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The Mass Media

The Mass Media

The Mass Media

Recent Forum Brings Two Afro-Cuban Activists to UMB

The Africana Studies Department, College of Public and Community Service, the Students Arts and Events Council, The Black Student Center, Casa Latina, and the Feminist Majority all worked together to bring two Afro-Cuban activists’ voices to be heard on November 14 in the Healey Library. The visit was significant because the speakers, Victor Dreke Cruz, and Ana Morales Varela, did not uphold the stereotype of Cubans detesting their dictator, Fidel Castro, and longing to become American citizens; in fact, they shattered it.

Mr. Cruz, author of From the Escrambay to the Congo, a book about his military experience on Cuba’s behalf, was the first to speak. While the topic of the presentation was the Afro-Cuban experience, Cruz stated, ” I do not consider myself African-Cuban. I am Cuban. I love my country and as Cubans we are all bound together for social equality.” Cruz went on to explain that while Afro-Cubans have experienced their own problems unique to their race, such as the fact that it was against the law at one time for blacks and whites to walk together in the park, there has always been a social unity present for the poor, regardless of race. This social unity resulted from the fact that poor blacks and whites were both exploited equally by the upper class. In fact, Cruz said that while “strong racial tones were often present in the past, they were never at any point as bad as those experienced to this day in the U.S.” However, Cruz spoke of a “social phenomena” that has taken place within Cuba, in which equality amongst all races and women has been achieved.

Cruz went on to speak about how this phenomenon was achieved despite of the U.S. embargo, which has barred most U.S. imports to Cuba for the past forty years. The embargo, which forbids Cubans from purchasing any U.S.-manufactured products, including medicine, has cost Cuba $70 billion in revenue to date. As a result of the blockade, many Cubans have often gone hungry, which in turn has caused the Cuban government to become increasingly self-reliant. One measure was to create a system of rations.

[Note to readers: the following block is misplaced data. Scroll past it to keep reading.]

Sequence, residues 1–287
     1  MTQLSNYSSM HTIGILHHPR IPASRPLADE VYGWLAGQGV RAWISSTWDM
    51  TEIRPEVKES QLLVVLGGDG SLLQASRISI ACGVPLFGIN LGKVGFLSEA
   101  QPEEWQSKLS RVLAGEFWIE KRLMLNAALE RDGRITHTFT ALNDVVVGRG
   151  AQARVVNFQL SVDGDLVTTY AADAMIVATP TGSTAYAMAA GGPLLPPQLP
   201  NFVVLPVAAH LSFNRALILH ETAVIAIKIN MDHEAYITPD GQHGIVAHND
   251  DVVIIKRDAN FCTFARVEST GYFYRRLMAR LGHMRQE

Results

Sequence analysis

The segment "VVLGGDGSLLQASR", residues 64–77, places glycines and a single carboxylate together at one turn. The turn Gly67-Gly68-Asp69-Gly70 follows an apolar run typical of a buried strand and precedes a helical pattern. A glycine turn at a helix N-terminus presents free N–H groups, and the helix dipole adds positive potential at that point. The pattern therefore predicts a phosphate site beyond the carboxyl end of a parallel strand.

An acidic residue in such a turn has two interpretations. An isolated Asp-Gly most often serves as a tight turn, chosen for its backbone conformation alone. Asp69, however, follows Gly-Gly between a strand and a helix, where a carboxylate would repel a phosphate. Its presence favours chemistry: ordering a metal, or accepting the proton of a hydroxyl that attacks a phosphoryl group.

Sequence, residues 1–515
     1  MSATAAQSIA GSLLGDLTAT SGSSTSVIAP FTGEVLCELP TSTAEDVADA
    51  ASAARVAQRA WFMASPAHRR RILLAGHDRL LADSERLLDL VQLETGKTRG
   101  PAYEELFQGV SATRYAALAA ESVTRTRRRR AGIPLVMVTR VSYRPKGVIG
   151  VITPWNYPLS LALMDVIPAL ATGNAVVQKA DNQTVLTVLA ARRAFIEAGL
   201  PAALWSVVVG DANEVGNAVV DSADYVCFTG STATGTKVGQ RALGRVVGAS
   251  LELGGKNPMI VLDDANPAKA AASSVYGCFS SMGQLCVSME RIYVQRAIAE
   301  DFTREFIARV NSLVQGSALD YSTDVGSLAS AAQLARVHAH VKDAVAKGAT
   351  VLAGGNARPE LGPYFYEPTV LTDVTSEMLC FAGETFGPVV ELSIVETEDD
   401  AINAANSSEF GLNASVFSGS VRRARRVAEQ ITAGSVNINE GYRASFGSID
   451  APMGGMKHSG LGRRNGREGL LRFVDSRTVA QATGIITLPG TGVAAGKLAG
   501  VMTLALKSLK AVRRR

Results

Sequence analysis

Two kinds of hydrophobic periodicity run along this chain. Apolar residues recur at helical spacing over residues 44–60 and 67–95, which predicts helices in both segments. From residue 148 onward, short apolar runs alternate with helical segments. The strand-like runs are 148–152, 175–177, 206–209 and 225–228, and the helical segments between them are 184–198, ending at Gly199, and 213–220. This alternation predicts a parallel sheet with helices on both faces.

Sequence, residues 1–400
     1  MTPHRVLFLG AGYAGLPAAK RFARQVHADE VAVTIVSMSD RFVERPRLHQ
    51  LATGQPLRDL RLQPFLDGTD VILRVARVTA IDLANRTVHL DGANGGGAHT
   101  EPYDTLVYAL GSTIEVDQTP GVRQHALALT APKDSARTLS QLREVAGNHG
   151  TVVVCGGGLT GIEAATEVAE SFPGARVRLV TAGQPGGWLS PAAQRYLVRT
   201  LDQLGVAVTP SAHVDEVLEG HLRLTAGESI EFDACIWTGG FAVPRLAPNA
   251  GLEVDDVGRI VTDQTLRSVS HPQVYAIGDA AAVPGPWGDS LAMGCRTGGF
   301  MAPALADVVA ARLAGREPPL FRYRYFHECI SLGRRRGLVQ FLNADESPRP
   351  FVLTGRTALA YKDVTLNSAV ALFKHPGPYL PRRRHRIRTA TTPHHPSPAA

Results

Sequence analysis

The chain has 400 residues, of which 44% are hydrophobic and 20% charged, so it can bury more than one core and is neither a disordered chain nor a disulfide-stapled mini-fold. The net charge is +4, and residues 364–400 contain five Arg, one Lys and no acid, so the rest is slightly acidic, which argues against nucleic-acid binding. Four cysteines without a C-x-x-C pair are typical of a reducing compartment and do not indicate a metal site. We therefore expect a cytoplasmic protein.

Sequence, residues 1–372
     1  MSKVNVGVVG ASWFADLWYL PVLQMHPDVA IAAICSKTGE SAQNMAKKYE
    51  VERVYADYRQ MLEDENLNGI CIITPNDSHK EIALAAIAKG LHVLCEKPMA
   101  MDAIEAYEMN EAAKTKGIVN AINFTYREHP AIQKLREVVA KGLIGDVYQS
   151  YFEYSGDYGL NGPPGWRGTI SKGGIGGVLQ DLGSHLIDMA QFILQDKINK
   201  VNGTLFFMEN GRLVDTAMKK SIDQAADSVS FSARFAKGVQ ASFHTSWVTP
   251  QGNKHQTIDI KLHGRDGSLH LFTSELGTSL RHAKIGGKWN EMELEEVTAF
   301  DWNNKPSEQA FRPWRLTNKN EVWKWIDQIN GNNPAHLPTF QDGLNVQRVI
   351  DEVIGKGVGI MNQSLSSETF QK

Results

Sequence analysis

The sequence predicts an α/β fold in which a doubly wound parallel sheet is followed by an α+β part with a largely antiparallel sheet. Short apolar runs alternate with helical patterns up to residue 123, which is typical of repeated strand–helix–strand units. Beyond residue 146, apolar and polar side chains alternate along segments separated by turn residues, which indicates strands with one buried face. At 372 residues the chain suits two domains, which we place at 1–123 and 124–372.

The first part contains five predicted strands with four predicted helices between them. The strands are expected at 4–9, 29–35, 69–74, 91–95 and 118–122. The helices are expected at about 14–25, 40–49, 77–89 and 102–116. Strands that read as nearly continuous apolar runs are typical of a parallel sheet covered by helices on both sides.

Cruz explained that while this may seem arbitrary, “all Cubans have shared an equal amount of food.” Other social accomplishments Cruz cited concerning Cuba’s social reform are the lowest unemployment rate in the world, free national health care, equality for women, and the fact that 85% of all Cubans own their own homes.

Ana Morales Varela spoke next on the condition of Cuba. Varela spoke mostly about Cuban efforts for healthcare. One Cuban accomplishment concerning health care has been the creation of the Latin American School of Medicine. Doctors graduating from this school offer free medical care not only to Cubans, but provide care abroad in various African countries as well.

Among Cuba’s medical successes is the development of biotechnology such as the creation of vaccines for Hepatitis B, and for the B and C strains of Meningitis. They are also working on an AIDS vaccine, which they hope to have completed between 2005 and 2007. Yet, as Varela pointed out, the blockade has prevented many medical advances from happening in Cuba. For instance, malignant tumors are the second leading cause of death in Cuba, due to the fact that Cubans are not permitted to purchase U.S.-manufactured treatments.

Varela also spoke of Cuba’s effort to fight AIDS. Within Cuba, an AIDS program was created in 1986, which has been rewarded with a great deal of success. The three steps of the program are detection, treatment, and education. Cuba has also collaborated with 91 African countries and placed 50,000 Cuban comrades in 56 of those countries in an effort to fight the virus, which threatens the existence of African people. Varela stated that the goal of Cuba is to make at least 4,000 doctors, teachers, and psychologists available to Africans to support its citizens in their struggle against AIDS.

It is important to note that all of these accomplishments have been made despite Cuba’s status as a third-world country. In fact, lack of financial means is such an issue that a hat was passed around at the end of the presentation to help fund Varela and Cruz’s tour.

On November 10, 173 countries voted to lift the blockade on Cuba. The United States was one of only three countries that voted against lifting the embargo.